The Information Minister of Punjab Fayyaz ul Hassan Chohan has declared that no plays will be performed at Alhamra Arts Council in Lahore without the approval of the government. This decision is rightly being termed as an attempt to curb freedom of expression in the country. Pakistan has witnessed a steady decline in its art scene post the Zia era and Alhamra has provided the much needed space to many artists to showcase their talent - be it writers, poets, actors, singers or songwriters. Art is a medium which provides the populace a much needed break from their mundane life and in cities like Lahore, where food is a source of outing, Alhamra is a fresh breathe of air.

Curtailing the growth of art in a country already plagued by so many issues means taking away entertainment which citizens have a right to enjoy. At this point, pushing for each and every script to be approved only means creating delays in the art projects and that have been working well independently of government supervision. Alhamra provides space to different kinds of work and if their scrutiny is done to make them follow objective “guidelines”, the diversity in form and scripts, which is the hallmark of performance arts, will surely suffer.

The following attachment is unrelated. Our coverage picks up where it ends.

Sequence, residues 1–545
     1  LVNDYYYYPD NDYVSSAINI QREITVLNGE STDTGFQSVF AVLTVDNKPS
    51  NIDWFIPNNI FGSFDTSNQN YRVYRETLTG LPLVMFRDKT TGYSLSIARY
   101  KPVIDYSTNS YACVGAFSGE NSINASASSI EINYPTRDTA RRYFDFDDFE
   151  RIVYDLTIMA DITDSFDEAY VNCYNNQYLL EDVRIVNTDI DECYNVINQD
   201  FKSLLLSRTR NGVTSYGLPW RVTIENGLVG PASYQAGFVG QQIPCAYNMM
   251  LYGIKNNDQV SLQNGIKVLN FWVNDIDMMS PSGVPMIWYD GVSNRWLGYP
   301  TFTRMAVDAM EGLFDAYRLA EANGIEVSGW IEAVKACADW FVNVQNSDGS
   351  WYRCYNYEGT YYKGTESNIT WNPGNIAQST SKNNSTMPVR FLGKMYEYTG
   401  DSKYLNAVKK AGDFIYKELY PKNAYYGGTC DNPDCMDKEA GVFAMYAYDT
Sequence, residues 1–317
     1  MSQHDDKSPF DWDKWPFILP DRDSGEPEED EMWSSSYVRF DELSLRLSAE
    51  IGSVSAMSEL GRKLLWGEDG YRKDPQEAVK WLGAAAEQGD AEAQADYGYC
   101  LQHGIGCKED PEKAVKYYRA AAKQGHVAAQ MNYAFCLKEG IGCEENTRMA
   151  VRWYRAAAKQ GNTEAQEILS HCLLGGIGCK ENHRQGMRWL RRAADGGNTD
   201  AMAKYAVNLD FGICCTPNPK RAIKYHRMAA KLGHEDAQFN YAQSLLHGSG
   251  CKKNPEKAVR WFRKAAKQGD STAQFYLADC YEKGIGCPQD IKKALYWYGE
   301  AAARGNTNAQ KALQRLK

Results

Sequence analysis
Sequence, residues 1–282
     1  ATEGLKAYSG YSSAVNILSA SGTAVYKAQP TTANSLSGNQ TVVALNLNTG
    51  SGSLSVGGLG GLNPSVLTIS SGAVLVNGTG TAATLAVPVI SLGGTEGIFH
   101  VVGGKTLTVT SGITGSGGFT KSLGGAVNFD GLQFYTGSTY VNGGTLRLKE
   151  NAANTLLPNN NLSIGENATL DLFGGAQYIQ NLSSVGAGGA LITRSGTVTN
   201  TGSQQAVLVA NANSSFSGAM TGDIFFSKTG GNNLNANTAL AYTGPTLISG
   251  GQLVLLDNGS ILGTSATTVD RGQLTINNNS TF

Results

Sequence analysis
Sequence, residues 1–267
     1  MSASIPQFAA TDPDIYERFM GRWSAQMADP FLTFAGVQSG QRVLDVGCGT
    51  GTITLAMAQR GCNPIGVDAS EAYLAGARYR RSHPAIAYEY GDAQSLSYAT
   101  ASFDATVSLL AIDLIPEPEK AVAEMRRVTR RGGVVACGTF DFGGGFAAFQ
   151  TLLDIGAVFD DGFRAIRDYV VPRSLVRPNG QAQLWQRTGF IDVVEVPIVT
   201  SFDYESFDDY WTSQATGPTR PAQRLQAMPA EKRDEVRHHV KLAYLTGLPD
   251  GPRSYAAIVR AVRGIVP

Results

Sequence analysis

The Punjab government needs to recognise no one is asking for this: this is neither something that the population of Lahore is vociferously demanding nor is this a promise that was part of their agenda. This policy would simply be a waste of the government’s precious time and resources, doing something that is simply unnecessary and unasked for.

Pakistan has not seen major development in its cultural and art environment’s in a long time and that is precisely because of such measures; which treat the performance arts as vulgarity or a threat. Lahore is a metropolitan hub and one of the aims of the new government is to transform Pakistan into a country where foreigners visit again. If such an aim is to be achieved, the mega cities need to accommodate a metropolitan culture rather than a much skewed perspective of the arts.

Arts are a source of soft power of a country and maintaining such a strict control over the narrative will push for the same view of the country. Developed countries that the Prime Minister often refers to in his speeches also, as a rule, have very progressive art environments and that help maintain the diversity of the country and also curtail radicalism.